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Journal Article

Citation

Clark DE, Wildner M, Bergmann KE. Am. J. Public Health 2000; 90(11): 1761-1764.

Affiliation

Bavarian Public Health Research Center, Ludwig-Maximilians University, Munich, Germany.

Copyright

(Copyright © 2000, American Public Health Association)

DOI

unavailable

PMID

11076246

PMCID

PMC1446394

Abstract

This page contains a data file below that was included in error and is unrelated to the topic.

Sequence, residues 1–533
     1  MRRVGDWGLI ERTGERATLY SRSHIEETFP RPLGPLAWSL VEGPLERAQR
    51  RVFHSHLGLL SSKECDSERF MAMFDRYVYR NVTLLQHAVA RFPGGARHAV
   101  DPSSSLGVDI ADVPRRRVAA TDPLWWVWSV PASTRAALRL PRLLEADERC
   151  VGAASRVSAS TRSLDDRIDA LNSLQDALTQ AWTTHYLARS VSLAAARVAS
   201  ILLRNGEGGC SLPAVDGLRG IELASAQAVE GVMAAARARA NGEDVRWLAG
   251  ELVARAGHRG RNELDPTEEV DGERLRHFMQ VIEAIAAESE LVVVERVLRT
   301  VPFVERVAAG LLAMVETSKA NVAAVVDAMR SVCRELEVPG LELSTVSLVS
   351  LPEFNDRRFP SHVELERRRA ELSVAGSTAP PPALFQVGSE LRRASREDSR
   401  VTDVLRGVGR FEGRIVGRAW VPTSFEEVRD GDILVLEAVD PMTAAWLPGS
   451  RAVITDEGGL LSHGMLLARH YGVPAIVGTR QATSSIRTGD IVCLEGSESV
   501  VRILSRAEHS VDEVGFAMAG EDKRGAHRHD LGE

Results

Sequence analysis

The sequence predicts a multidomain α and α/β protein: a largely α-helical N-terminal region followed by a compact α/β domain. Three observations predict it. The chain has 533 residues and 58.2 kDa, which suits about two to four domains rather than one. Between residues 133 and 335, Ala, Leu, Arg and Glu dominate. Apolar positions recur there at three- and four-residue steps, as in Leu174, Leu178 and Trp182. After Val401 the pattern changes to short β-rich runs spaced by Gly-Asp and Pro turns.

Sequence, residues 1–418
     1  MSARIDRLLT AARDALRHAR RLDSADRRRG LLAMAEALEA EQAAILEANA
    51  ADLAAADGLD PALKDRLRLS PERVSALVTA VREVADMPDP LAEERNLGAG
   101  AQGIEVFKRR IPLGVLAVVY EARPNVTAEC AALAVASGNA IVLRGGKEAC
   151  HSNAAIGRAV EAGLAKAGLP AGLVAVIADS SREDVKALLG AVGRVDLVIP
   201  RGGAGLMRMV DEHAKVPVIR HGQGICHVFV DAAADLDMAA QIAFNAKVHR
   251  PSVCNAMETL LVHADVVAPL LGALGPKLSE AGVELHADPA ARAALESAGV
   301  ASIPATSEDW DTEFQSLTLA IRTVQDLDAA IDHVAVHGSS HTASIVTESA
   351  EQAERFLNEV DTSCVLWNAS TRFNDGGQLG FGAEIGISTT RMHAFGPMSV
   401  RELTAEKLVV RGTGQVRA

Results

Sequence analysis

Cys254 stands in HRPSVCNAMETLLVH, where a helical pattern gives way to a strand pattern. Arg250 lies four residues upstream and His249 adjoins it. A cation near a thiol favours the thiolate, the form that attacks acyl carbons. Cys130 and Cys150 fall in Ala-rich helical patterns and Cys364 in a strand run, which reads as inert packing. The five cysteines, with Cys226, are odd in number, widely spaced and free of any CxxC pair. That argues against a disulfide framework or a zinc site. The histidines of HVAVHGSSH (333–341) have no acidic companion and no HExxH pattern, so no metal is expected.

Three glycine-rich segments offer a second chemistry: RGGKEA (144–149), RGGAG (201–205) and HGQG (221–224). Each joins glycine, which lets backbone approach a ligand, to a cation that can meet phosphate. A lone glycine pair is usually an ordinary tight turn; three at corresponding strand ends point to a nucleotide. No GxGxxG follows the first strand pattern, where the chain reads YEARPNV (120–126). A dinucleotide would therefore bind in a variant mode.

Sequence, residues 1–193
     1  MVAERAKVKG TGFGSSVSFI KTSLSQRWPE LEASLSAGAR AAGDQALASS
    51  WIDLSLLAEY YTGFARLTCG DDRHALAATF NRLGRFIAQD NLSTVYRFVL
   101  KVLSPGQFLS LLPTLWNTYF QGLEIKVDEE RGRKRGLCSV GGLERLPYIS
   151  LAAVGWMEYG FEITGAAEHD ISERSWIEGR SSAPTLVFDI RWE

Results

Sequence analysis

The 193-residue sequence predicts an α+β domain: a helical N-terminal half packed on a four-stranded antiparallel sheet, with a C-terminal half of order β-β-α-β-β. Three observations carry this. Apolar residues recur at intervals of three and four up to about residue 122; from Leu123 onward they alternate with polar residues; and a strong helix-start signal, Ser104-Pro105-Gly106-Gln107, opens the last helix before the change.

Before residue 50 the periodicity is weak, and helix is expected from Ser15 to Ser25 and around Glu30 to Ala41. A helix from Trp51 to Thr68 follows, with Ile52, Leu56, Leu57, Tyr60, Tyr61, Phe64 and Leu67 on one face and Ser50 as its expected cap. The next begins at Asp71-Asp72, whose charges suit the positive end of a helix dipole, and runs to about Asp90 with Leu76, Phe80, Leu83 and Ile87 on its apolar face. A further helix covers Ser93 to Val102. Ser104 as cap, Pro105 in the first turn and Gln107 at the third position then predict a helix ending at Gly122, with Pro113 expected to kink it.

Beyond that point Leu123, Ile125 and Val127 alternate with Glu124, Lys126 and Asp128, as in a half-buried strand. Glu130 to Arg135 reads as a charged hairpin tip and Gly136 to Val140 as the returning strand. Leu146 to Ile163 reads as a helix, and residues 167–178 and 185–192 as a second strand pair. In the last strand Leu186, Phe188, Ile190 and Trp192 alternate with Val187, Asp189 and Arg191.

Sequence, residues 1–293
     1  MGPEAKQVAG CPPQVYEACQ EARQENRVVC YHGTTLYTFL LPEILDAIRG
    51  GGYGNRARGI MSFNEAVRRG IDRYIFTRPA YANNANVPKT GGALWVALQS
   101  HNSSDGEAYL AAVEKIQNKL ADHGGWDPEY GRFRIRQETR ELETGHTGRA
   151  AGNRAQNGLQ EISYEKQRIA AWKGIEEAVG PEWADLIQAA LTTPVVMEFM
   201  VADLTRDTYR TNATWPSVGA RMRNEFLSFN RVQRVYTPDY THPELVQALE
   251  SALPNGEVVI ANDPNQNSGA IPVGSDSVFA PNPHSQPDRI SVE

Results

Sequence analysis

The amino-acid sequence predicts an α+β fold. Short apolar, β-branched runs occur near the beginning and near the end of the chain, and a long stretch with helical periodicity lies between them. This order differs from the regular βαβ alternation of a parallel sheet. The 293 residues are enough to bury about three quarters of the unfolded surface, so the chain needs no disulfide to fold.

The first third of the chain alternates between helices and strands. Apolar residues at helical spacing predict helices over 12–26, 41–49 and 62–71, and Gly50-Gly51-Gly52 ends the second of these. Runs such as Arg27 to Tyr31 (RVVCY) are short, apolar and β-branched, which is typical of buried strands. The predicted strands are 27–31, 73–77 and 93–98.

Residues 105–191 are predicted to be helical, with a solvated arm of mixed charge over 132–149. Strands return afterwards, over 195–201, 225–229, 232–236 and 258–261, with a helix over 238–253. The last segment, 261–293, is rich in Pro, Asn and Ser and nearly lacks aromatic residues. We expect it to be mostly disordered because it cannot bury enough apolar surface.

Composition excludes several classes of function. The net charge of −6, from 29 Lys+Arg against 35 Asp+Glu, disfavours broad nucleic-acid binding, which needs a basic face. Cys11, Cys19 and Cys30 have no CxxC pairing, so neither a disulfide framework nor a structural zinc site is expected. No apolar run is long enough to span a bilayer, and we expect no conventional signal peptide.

OBJECTIVES: This study determined the effects of social changes in East Germany since 1989 on patterns of injury mortality. METHODS: Death certificate data regarding injuries from 1980 through 1995 and police data regarding traffic injuries in East Germany from 1980 through 1998 were compared with similar data from West Germany. RESULTS: The number of motor vehicle-related injuries and deaths in East Germany increased dramatically between 1989 and 1991, whereas those in West Germany declined slightly. The increased mortality in the more rural East has especially involved young men driving automobiles on rural roads and has persisted since reunification of East and West Germany. Falls, other accidents, and suicides have shown no such effect. Homicide among East German men has increased but remains uncommon. CONCLUSIONS: Recent social changes in East Germany, including increased access to motor vehicles and decreased restrictions on personal freedom, have been associated with increased motor vehicle crashes and mortality, especially among young men and on rural roads.

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